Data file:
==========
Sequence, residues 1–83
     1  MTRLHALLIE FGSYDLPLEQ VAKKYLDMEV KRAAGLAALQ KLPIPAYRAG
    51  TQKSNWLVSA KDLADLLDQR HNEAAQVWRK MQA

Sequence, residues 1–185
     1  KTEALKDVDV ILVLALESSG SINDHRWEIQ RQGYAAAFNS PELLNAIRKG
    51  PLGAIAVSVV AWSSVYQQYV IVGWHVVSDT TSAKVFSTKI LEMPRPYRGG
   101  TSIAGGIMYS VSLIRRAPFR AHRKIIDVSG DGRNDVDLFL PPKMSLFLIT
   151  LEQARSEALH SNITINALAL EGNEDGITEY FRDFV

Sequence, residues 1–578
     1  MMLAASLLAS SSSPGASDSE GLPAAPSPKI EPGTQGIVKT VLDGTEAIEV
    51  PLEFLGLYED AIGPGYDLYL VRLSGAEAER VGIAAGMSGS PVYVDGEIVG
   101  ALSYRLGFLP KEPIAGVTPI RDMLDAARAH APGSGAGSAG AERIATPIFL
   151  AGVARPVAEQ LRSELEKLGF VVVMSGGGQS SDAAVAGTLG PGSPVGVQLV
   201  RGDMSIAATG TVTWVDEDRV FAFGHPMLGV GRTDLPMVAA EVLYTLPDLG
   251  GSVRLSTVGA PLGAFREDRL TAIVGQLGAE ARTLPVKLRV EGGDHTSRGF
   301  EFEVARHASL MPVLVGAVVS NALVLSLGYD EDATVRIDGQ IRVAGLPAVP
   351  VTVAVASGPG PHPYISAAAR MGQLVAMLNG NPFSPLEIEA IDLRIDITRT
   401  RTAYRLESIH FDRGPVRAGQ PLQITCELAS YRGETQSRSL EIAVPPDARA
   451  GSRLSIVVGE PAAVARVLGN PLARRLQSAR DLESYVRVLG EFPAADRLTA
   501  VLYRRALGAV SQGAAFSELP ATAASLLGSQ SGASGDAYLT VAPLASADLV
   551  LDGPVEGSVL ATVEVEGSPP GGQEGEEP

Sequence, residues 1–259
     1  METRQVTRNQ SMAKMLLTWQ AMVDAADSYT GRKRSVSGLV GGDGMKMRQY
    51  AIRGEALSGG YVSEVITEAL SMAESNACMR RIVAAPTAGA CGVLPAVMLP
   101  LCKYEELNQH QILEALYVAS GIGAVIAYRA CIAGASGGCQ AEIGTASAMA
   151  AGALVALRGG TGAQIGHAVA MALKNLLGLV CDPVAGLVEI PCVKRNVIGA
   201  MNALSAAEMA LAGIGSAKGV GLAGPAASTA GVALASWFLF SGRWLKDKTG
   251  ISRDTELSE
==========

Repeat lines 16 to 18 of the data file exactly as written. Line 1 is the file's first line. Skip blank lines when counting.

   301  EFEVARHASL MPVLVGAVVS NALVLSLGYD EDATVRIDGQ IRVAGLPAVP
   351  VTVAVASGPG PHPYISAAAR MGQLVAMLNG NPFSPLEIEA IDLRIDITRT
   401  RTAYRLESIH FDRGPVRAGQ PLQITCELAS YRGETQSRSL EIAVPPDARA